“The ecology and economy of the region is under threat. This Transpacific Literary Project folio, Monsoon Notebook is for these essential, vanishing, and unruly waters.”
July 9, 2020
“Have seen the outline of a large fish caught and thrown in the curl of a wave, been where nobody wears socks, where you wash your feet before you go to bed, where I watch my sister who alternatively reminds me of my father, mother and brother. Driven through rainstorms that flood the streets for an hour and suddenly evaporate, where sweat falls in the path of this ballpoint, where the jak fruit rolls across your feet in the back of the jeep, where there are eighteen ways of describing the smell of a durian, where bullocks hold up traffic and steam after the rains… And after the party the thunderstorm we walked through for five seconds from porch to car, thoroughly soaked and by the time we had driven ten minutes – without headlights which had been stolen that afternoon at the pool – we were dry just from the midnight heat inside the vehicle… One morning I would wake and just smell things for the whole day, it was so rich I had to select the senses.”– Michael Ondaatje, Running in the Family
The word “monsoon” evokes enormous nostalgia for me. I remember running up the steep incline of Jiri Mountain with my cousins as kids in a torrential downpour. In rainwater so warm it felt like an embrace. My flip-flops slippery, dragging with water that sluiced down the slope.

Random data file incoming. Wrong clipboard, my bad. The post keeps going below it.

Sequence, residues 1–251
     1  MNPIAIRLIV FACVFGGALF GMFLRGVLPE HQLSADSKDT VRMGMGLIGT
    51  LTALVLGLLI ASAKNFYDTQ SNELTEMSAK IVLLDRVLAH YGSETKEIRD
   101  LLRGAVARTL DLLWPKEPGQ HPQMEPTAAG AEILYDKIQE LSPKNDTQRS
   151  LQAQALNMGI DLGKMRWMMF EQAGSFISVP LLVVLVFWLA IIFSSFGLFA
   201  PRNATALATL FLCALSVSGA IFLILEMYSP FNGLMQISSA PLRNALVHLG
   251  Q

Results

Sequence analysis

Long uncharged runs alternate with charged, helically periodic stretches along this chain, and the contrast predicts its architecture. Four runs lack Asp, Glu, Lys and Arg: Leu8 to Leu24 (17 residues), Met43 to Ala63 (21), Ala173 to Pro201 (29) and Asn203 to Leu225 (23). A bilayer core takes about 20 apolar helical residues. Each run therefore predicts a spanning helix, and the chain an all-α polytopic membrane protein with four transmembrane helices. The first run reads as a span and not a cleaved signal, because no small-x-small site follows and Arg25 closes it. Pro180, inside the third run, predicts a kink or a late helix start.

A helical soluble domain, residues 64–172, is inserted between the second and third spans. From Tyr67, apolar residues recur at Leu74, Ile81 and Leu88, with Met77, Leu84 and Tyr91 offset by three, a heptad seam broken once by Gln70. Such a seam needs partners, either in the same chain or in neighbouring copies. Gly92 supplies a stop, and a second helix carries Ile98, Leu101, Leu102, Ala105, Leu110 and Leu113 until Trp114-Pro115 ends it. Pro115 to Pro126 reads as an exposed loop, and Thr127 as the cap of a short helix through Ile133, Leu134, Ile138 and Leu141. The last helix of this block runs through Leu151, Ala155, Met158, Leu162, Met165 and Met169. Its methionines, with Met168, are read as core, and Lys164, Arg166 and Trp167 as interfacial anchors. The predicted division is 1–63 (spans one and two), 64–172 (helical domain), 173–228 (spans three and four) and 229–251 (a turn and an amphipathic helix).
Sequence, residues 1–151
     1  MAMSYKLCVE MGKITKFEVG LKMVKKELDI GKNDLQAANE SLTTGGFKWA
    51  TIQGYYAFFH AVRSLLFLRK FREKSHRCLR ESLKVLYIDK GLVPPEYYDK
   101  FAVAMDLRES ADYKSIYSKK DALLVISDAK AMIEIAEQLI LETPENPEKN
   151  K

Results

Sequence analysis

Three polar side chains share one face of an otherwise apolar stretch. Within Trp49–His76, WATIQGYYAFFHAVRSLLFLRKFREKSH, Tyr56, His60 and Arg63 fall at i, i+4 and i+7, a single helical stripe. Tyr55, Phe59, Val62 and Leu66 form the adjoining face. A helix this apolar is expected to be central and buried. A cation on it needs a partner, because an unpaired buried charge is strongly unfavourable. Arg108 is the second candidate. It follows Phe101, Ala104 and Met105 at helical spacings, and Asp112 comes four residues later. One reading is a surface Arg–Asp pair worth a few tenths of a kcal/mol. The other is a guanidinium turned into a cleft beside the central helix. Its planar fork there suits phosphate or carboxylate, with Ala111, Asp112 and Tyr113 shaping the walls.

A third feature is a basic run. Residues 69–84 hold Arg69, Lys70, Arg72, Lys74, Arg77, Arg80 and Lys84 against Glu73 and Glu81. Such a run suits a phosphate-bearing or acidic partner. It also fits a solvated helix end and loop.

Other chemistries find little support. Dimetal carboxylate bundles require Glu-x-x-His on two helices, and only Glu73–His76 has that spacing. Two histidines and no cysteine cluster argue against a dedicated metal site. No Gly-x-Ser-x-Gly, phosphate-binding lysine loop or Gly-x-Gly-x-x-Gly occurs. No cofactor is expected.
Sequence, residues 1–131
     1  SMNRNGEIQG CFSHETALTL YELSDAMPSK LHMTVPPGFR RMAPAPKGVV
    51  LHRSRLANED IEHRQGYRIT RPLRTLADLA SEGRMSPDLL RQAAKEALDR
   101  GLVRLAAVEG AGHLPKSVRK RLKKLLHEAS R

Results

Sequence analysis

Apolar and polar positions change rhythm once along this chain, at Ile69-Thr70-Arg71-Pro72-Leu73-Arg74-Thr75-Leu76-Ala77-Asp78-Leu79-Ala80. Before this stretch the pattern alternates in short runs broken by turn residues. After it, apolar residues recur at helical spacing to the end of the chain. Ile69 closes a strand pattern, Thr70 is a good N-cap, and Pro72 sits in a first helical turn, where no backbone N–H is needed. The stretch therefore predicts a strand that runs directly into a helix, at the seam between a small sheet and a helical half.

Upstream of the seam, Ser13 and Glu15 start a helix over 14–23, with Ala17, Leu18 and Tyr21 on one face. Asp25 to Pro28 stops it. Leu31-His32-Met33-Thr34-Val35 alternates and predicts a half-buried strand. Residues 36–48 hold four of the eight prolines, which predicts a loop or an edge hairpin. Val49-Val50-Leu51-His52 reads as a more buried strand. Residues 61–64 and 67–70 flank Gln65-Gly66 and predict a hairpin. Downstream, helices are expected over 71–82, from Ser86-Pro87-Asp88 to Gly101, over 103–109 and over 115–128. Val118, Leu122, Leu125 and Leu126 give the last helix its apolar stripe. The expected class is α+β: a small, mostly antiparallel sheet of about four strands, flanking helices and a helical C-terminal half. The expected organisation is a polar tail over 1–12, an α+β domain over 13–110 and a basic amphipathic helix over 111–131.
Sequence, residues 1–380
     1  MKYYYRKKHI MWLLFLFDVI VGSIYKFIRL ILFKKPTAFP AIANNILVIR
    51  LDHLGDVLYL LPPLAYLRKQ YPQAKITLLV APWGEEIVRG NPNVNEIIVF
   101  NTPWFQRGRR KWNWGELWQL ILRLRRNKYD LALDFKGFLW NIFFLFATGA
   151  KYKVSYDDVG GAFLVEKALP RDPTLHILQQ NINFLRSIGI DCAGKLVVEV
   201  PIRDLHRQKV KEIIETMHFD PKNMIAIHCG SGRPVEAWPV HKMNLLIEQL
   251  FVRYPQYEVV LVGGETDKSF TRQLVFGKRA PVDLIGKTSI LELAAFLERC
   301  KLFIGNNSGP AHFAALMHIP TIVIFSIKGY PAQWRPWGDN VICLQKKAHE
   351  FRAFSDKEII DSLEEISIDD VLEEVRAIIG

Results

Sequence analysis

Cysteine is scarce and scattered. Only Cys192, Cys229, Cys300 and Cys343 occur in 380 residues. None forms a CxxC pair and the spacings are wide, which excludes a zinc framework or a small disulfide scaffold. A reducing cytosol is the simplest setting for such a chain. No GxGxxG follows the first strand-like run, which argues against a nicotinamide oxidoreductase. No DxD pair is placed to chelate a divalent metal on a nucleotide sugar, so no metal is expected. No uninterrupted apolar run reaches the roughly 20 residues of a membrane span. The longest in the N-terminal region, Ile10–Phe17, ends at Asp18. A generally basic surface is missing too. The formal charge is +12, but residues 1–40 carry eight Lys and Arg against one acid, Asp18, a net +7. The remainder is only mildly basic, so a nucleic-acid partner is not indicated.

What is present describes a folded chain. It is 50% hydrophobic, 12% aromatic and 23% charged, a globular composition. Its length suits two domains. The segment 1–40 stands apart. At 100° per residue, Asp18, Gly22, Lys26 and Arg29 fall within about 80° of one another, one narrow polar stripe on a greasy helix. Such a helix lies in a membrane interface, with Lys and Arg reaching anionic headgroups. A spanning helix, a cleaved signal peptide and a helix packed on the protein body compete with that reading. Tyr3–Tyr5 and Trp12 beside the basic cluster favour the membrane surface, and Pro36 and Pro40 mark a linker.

The word “monsoon” originates from the Arabic موسم mawsim which meant “seasonal things,” such as winds, a voyage, a festival, a pilgrimage. The Portuguese and the Dutch sailors picked up the word in the 1580s during the age of maritime empires, that is the age of wretched colonialisms, and it became known in their languages as monçao and monssoen. And the word travels to us into my American English here in New York. It now signifies a season marked by the appearance of torrential rains.
Along the Pacific Rim, we experience monsoons viscerally. Our literature is a humid literature. We know what it feels like to hold pages of newspapers or paperbacks softened and limp with from the heat of an afternoon. And to watch destruction brought about by flooding. This Monsoon Notebook gathers poetry, photography, short stories – original and translated – from Hong Kong, Shanghai, Malaysia, the Philippines, South Korea, and Burma (Myanmar) and will publish in installments. For these writers, the word “monsoon” recalls jungles, romance, ghosts, floods, rivers, interruption, relief, rain, and drinking water.
Due to the climate crisis, these rains are arriving later and leaving sooner. The floods are fiercer. The ecology and economy of the region is under threat. This Transpacific Literary Project folio, Monsoon Notebook is for these essential, vanishing, and unruly waters.
– Esther Kim
Contents: THE TYPHOON DAYS Lu Yinyin • Na Zhong | THE SEA LION THAT JUMPED OVER TERRACED FIELDS A Leng • Zhou Sivan | AINAA ZH Liew | THREE POEMS by Marjorie Evasco | BAD WEATHER Kim Sehee • Paige Aniyah Morris | ONE DAY Park Nohae • Brother Anthony
Monsoon Notebook Extras: BE WATER
Table of Contents
THE TYPHOON DAYS by Lu Yinyin, translated by Na Zhong
An ex-couple meet for a holiday in the mountains only to be hemmed in by a typhoon
THE SEA LION THAT JUMPED OVER TERRACED FIELDS by A Leng, translated by Zhou Sivan
Illustrations by Leopold Adi Surya
Government schemes to monetize juveniles’ dreams Kenichi talks to salamanders and turns into water
AINAA by Zhou Hau Liew
A hermit recalls her childhood on the outskirts of the Malaysian jungle, its inhabitants, and its enemies
A TURTLE-POET DREAMS, GIVEN TIME: THREE POEMS by Marjorie Evasco
A yellow-vented warbler builds a nest out of prayer flags
BAD WEATHER by Kim Sehee, translated by Paige Aniyah Morris
Fanfic queers gossip about their hagwon director on a rainy day
ONE DAY by Park Nohae, translated by Brother Anthony
A poet abroad photographs the rivers, droughts, and seas